Edit Partitions. Obviously you should only select this if you are familiar with how partitions work.
When you are happy with the disk layout displayed, select
Done to continue.
Before the installer makes any destructive changes, it will show this final confirmation step. Double check that everything looks good here and you aren’t about to reformat the wrong device!
ⓘ There is no “Undo” for this step, once you confirm the changes, the indicated devices will be overwritten and any contents may be lost
Set up a Profile
The software is now being installed on the disk, but there is some more information the installer needs. Ubuntu Server needs to have at least one known user for the system, and a hostname. The user also needs a password.
ⓘ There is also a field for importing SSH keys, either from Launchpad, Ubuntu One or Github. You simply need to enter the username and the installer will fetch the relevant keys and install them on the system ready for use (e.g. secure SSH login to the server).
Once you have finished entering the required information, the screen will now show the progress of the installer. Ubuntu Server now installs a concise set of useful software required for servers. This cuts down on the install and setup time dramatically. Of course, after the install is finished, you can install any additional software you may need.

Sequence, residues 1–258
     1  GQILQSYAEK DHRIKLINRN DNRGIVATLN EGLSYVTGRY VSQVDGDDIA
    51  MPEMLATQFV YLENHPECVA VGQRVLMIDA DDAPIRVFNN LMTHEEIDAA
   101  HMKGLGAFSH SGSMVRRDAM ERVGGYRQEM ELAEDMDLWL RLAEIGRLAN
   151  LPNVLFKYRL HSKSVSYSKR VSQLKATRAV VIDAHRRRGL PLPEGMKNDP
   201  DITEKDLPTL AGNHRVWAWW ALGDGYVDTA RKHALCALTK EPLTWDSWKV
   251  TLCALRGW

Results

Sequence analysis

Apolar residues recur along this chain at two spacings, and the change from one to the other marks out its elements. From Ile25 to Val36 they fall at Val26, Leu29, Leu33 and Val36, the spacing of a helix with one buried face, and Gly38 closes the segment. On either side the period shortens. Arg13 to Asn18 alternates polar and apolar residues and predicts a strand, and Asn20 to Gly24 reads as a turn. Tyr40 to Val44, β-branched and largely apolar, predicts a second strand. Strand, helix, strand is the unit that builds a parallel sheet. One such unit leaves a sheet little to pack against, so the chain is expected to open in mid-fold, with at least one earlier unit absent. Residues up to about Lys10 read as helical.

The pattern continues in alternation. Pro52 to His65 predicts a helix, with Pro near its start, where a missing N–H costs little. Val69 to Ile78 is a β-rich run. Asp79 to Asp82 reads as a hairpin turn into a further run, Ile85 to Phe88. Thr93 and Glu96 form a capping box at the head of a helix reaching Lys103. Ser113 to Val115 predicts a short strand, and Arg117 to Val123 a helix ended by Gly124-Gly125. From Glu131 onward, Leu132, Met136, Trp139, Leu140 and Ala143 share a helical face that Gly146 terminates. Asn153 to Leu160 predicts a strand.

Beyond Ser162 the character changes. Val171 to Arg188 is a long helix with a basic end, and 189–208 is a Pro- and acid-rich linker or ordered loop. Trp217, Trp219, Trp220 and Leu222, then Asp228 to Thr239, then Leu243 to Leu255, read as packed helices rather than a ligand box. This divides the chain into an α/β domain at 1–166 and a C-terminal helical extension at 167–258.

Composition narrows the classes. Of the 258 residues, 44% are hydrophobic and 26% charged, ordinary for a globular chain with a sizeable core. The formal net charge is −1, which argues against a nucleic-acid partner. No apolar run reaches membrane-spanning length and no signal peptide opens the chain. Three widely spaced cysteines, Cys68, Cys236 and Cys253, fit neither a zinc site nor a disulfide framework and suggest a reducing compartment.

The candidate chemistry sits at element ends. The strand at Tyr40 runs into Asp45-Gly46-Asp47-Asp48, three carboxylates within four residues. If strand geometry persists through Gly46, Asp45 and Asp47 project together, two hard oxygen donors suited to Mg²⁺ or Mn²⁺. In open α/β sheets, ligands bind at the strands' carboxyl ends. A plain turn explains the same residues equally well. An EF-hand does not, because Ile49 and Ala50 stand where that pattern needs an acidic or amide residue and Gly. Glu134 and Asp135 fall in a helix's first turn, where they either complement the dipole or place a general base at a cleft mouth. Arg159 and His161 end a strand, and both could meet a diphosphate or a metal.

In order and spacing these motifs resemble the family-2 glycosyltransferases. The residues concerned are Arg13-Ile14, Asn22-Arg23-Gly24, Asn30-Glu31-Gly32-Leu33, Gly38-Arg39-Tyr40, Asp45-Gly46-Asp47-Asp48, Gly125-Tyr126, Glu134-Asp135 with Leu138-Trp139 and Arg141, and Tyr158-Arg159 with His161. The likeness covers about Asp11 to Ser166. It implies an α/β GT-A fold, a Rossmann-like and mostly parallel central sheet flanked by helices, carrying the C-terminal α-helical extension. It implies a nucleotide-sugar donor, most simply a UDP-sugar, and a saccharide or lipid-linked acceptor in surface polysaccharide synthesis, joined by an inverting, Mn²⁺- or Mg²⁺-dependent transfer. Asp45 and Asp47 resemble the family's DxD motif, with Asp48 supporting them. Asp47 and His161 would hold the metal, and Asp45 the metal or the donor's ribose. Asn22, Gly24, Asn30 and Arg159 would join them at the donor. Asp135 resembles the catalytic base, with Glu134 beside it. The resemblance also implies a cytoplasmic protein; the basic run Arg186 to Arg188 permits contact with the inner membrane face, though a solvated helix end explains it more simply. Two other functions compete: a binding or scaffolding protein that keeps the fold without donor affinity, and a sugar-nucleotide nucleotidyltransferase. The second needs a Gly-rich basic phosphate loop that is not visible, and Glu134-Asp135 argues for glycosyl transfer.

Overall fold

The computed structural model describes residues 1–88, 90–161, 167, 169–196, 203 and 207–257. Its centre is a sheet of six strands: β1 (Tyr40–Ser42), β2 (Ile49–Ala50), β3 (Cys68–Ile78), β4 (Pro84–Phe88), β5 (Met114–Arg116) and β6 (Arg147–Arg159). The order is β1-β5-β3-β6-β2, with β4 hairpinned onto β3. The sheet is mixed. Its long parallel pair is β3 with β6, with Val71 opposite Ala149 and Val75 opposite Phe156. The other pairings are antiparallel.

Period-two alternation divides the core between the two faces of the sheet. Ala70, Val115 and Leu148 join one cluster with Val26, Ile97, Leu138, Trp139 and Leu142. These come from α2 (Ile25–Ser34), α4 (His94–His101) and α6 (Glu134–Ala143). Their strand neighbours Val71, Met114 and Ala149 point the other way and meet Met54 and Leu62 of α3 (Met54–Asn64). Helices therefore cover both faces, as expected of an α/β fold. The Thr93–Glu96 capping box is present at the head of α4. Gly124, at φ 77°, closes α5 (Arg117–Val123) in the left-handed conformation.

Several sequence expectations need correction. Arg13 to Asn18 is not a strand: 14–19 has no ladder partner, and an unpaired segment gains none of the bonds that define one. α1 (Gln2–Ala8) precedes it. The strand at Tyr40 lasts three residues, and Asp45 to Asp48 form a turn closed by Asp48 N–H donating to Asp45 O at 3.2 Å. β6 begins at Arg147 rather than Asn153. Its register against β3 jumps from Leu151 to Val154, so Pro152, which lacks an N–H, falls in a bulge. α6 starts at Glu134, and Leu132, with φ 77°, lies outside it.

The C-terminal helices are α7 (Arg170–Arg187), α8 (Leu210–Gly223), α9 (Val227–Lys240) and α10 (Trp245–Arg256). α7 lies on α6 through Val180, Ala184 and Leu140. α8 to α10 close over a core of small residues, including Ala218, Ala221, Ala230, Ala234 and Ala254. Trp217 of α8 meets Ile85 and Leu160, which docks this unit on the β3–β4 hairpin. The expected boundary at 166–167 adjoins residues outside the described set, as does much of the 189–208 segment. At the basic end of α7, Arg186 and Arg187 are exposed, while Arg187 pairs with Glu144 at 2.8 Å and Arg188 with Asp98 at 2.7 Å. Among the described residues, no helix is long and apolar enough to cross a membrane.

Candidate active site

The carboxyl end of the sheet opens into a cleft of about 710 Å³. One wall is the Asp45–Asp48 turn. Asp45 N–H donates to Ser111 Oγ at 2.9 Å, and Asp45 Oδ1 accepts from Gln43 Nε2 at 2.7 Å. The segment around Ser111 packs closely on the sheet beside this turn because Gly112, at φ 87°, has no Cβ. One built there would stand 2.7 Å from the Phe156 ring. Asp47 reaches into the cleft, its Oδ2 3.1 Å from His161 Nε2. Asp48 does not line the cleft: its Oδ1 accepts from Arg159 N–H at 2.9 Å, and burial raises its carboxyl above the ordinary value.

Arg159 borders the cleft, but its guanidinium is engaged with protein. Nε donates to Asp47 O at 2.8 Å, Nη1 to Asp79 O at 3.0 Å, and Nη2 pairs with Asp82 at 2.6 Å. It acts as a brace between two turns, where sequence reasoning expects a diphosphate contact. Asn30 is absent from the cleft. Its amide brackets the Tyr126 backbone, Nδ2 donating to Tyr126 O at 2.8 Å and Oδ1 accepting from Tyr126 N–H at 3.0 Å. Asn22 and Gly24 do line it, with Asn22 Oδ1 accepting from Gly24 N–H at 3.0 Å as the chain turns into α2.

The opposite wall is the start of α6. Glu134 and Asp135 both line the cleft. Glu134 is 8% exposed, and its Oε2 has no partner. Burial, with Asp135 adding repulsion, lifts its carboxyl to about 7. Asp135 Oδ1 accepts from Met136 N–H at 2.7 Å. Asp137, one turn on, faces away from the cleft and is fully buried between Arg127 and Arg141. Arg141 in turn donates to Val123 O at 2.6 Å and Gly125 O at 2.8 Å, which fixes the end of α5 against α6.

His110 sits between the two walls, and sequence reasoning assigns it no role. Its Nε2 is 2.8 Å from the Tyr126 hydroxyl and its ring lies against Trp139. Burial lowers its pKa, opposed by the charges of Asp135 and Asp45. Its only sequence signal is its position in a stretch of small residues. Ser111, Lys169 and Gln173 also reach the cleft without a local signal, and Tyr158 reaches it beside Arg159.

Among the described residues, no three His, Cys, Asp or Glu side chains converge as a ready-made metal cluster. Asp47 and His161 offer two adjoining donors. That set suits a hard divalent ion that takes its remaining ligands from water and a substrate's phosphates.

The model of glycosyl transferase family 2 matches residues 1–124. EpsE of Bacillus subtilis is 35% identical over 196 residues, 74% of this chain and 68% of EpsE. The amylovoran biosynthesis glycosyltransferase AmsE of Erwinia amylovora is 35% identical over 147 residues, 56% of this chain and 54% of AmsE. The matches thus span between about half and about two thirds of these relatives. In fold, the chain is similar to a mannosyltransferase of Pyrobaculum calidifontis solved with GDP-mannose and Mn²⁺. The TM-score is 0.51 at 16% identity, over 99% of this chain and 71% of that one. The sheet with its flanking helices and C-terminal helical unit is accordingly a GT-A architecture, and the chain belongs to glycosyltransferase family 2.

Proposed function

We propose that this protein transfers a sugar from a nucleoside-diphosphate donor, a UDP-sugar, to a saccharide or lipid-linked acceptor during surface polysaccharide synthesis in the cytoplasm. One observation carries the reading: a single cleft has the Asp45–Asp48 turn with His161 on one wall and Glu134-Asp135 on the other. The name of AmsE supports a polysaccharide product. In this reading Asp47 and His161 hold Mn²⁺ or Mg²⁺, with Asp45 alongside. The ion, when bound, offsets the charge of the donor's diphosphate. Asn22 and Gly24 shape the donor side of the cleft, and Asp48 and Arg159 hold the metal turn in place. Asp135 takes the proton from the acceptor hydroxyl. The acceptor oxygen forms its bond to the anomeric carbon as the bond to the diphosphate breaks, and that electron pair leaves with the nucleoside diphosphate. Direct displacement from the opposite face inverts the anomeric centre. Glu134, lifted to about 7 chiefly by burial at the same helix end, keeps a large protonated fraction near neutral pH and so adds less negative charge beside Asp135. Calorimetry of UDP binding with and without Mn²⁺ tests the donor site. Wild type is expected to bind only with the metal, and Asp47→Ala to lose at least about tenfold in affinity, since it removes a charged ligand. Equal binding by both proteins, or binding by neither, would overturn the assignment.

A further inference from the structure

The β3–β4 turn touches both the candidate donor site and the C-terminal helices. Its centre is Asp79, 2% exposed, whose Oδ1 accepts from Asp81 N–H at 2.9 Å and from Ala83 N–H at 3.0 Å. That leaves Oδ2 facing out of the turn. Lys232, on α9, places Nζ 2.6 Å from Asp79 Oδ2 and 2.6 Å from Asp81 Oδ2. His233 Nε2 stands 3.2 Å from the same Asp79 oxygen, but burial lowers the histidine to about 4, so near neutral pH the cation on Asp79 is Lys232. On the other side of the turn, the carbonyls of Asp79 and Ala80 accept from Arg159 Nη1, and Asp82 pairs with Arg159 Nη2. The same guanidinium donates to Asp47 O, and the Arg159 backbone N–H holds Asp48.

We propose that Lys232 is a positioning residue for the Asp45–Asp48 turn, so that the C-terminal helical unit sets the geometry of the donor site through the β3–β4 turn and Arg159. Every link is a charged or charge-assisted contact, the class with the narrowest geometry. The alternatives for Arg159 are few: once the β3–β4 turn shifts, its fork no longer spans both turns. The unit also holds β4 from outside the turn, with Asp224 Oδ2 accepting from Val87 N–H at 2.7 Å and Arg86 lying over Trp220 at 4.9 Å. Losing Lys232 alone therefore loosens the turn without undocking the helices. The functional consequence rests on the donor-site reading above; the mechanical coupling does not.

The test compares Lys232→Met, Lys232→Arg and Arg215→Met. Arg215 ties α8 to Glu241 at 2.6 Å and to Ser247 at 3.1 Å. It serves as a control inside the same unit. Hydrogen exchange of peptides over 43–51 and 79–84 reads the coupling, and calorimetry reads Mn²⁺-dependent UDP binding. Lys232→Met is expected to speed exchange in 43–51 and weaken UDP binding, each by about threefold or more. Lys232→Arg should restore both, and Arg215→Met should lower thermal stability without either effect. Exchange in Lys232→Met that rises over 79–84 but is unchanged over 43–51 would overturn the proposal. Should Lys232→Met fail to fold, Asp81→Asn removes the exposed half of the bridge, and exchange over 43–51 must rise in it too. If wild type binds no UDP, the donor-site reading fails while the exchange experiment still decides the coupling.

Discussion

When the install is complete, you will see a message like this on the screen.
Remember to remove the install media, and then press enter to reboot and start the server. Welcome to Ubuntu!
With Ubuntu Server installed, you can now carry on and build that file-server or multi-node cluster we mentioned!
If you are new to Ubuntu Server, we’d recommend reading the Server Guide.
You can also check out the latest on Ubuntu Server, and what others are using it for on the Ubuntu Server pages.
The Ubuntu community, for both desktop and server, is one of the friendliest and most well populated you can find. That means if you get stuck, someone has probably already seen and solved the same problem.
Try asking for help in one of the following places:
Alternatively, if you need commercial support for your server deployments, take a look at Ubuntu Advantage.